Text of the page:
From the Executive Director features news and reflections on the work of PHMC by its chief administrator.

Museums and historical organizations across the cow1try are redefining and repackaging themselves as educational institutions. When I review annual reports of some of the nation’s most prestigious programs­ – Colonial Williamsburg and Greenfield Village, for in­stance – I am struck by new statements of purpose calling for greater commitment to use museums and their diverse collections to educate all citizens, especially young children.

There are two major reasons for this trend. First, American education is badly in need of support from all sectors of society. Various reform efforts during the past decade have barely received passing grades. Second, museums and historical societies are sorely underval­ued and underutilized as educational resources. Despite many attempts to demystify these institutions and make them more accessible and relevant, the public’s percep­tion of museums as musty preserves of the elite has persisted.

The need for our history and museum community to respond to the Keystone State’s educational require­ments is being driven by fundamental changes in the Common wealth’s curriculum standards. Of the mandated learning outcomes of quality education identified by the state Department of Education, six involve goals that directly or indirectly call for knowledge of United States or Pennsylvania history. The connection between the study of history and the understand­ing of modern society and contemporary issues is explicit in these requirements, as is the need for experiential learning and visual literacy.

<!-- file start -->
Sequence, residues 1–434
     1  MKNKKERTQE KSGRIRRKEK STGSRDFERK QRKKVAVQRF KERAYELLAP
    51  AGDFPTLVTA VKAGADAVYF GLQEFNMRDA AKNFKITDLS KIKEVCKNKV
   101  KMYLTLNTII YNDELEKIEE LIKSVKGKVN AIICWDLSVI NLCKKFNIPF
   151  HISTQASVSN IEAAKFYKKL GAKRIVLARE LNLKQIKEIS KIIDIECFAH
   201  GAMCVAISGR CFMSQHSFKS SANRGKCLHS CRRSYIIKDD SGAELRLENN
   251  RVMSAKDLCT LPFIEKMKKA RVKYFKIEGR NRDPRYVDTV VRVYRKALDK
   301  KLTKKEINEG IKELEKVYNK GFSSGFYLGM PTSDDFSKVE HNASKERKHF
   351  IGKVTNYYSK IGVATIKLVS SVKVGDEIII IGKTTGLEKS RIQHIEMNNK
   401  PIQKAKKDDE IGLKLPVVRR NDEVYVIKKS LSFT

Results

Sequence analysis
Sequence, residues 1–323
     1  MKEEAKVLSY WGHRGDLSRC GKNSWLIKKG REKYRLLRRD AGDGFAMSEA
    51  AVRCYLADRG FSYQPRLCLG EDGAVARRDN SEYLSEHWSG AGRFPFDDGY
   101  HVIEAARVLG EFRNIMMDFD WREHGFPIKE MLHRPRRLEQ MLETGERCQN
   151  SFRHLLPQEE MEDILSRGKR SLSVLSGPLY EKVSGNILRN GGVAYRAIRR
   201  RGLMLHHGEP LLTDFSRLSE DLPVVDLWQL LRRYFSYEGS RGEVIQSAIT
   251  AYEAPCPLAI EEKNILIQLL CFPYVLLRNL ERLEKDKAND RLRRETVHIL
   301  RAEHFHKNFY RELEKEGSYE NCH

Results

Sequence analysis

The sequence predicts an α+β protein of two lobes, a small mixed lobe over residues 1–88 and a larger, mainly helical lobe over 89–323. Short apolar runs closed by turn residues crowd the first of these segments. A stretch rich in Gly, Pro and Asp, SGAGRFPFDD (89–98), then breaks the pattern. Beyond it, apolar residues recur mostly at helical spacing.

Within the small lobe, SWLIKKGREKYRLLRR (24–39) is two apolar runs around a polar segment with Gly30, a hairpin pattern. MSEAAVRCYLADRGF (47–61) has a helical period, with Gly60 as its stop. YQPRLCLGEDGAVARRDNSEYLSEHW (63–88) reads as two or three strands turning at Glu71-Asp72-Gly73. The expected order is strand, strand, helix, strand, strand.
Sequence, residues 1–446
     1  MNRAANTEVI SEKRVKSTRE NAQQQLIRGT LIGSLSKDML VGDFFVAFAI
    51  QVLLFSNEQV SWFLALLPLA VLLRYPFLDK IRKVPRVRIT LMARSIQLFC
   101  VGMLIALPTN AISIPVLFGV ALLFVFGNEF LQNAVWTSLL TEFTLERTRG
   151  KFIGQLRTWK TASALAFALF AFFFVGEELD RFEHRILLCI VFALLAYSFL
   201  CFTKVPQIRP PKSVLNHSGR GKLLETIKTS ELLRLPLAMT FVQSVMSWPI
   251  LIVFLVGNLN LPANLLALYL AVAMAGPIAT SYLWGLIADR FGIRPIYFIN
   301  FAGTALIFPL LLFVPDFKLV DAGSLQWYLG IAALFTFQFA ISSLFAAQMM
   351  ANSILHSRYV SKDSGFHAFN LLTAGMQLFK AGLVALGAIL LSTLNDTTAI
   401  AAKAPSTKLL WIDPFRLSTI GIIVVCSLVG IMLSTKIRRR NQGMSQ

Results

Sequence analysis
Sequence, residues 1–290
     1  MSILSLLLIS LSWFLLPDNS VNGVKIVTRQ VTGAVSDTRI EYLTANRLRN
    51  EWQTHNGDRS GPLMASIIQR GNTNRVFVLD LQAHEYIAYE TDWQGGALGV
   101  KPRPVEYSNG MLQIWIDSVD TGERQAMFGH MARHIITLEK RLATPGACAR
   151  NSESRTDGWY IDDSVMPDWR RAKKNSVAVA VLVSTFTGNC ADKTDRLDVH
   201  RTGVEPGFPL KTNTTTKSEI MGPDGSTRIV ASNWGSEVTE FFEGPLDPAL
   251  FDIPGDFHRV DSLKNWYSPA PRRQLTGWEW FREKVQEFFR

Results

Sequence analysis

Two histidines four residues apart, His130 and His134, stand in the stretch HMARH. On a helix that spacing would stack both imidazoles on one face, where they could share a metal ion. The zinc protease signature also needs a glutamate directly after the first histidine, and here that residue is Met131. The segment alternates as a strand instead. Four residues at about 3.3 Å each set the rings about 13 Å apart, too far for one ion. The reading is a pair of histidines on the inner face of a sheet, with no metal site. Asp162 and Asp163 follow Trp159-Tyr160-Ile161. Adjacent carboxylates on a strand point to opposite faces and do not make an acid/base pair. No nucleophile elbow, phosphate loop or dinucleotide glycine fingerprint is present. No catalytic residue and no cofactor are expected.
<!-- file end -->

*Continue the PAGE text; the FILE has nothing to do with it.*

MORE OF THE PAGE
For many decades, the Pennsylvania Historical and Museum Commission (PHMC) has made important contribu­tions to the field of education. More than one hundred and fifty thousand children tour the various historic sites and museums along our well­-traveled “Pennsylvania Trail of History” every year. Most of our facilities offer special study tours and active learning experiences. In-service training for teachers is offered at many locations. In some cases, we actually bring the museum to the classroom through “traveling trunk” exhibits and staff visits. The PHMCs most visible presence is the Mobile Museum which visits every county-and school groups make up half of our more than fifty thousand visitors! In addition, we support educa­tional programming through grants to local museums and historical societies, and through the publication and distribution of primary documents from the Pennsyl­vania State Archives.

To succeed in accomplish­ing our educational mission requires museums and historical organizations to forge new partnerships with schools, volunteer associations, foundations, and corporations. Our mission also relies heavily on adequate public support. As our traditional role as conservation agencies expands to take greater responsibility as educational institutions, we will need the financial re­sources for staffing and quality programming. All investment in museum education today will return handsome divi­dends tomorrow. A bright and promising future awaits us.

Brent D. Glass
Executive Director